Real talk: 2014 was, overall, a pretty shit year for everybody. But we have less than twelve hours left in this year, so we might as well try to reflect on the good stuff that happened. Like how many good books we all read this year. So, please enjoy Loud Bookish Type’s Favorite Books of 2014. As always: these are the books I read in 2014, not necessarily ones that were released this year. Because I can’t be running off to the store and spending thirty bucks on every new hardcover that comes out. I mean, Jesus.
Anyway, this year I read and loved…
Chirst. This was a tough one to read.
I don’t just mean it was depressing. It was, obviously – a book about a poor family being forced from their home during the Great Depression and having to beg for the chance to pick cotton at fifteen cents per hour can’t be anything except depressing – but it wasn’t the most depressing book I’ve ever read. That honor probably goes to The Hunchback of Notre Dame, although I guess Angela’s Ashes is a close second.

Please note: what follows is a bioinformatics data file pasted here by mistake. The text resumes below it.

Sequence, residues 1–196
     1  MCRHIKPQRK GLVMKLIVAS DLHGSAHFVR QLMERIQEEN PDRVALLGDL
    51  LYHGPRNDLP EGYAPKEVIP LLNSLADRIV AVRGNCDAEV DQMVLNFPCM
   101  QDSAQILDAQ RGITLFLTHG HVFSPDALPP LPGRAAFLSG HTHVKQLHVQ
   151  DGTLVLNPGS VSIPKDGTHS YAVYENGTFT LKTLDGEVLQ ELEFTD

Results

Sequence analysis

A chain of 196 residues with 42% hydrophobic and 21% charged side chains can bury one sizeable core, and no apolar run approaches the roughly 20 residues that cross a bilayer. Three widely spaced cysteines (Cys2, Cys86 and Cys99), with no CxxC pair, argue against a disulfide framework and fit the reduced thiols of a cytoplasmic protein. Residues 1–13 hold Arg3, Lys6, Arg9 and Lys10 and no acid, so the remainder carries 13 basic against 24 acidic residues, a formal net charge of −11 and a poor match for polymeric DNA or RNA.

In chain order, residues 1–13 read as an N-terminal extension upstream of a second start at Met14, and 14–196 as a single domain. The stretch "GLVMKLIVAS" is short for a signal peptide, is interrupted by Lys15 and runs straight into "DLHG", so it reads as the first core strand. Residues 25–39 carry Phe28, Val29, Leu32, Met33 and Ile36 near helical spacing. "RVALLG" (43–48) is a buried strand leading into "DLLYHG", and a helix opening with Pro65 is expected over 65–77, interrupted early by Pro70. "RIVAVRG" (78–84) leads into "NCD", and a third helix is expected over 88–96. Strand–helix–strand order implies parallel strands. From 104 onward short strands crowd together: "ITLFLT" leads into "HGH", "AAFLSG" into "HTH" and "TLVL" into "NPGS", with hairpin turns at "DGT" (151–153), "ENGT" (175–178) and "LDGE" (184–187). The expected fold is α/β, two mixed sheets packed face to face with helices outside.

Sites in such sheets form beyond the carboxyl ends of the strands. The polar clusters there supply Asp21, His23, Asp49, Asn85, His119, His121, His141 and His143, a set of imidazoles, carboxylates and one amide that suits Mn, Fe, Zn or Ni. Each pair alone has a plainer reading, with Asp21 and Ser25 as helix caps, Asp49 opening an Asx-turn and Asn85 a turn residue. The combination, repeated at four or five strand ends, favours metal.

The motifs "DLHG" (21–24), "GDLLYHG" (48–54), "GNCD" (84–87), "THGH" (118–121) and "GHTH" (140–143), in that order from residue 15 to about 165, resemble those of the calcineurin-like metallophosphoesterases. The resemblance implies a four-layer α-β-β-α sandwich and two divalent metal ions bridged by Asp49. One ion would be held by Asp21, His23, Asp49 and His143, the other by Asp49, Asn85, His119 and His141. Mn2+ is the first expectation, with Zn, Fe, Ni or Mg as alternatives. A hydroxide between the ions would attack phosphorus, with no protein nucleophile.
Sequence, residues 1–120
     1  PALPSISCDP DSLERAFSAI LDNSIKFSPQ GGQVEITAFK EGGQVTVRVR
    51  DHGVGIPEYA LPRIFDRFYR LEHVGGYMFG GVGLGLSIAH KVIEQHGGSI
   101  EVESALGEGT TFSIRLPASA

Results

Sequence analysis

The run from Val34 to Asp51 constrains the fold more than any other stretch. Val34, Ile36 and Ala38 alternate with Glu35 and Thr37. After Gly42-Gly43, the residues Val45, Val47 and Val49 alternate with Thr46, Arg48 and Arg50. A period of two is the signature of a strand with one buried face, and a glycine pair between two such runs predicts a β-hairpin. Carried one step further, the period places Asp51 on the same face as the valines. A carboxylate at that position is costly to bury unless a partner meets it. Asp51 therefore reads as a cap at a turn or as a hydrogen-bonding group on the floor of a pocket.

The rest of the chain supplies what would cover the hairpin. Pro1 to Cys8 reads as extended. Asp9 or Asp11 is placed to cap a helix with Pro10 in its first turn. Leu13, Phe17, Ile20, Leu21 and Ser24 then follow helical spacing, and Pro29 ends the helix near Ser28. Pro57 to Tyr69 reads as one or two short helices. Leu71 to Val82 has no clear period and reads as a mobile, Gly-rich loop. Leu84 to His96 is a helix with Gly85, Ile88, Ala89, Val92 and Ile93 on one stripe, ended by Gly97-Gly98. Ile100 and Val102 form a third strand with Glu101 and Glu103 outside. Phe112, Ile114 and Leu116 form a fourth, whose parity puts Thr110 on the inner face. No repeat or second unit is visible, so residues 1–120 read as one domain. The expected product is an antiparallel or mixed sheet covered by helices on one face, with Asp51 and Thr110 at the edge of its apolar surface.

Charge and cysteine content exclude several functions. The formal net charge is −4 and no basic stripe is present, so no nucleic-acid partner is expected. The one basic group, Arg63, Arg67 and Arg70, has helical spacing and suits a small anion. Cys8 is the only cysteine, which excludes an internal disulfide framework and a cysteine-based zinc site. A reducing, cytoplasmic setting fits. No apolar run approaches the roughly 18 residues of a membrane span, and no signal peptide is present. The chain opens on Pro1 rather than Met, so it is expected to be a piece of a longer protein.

This is not a comedy book.
I mean, it’s funny. Amy Poehler can’t write a book and not be funny, because she’s Amy fuckin’ Poehler. But (and this is not the first time I’m going to compare the two memoirs) where Tina Fey’s Bossypants contained humorous essays written specifically for the purpose of being funny, Poehler’s does not. Everything is presented in a straightforward, matter-of-fact, fashion, and although a lot of the book is very, very funny, it never seems like this was the specific goal behind the essays.
This is also not a book about comedy.
It’s always nice to revisit Aubrey and Maturin. I’ve only read a couple books from this series, and I never feel any serious need to find more installments, but I always enjoy them when I do. And this is one of the best ones – not only because it’s pretty similar to the movie version and picking out what they changed/didn’t change for the adaptation is a fun game, but also for other reasons, which I will now list:
“The Walk to School on the Day After Labor Day
I was sad that summer was over.
But I was happy that it was over for my enemies, too.”
Take a minute and examine your reaction to that quote, one of the shortest pieces (I can’t in good conscience call it a story) in BJ Novak’s collection of short stories. I imagine that your reaction was similar to mine when I first read it – you probably smiled a little, maybe did one of those almost-laughs where you just blow air out your nose, and thought, “Oh, that’s clever” and then immediately forgot about it.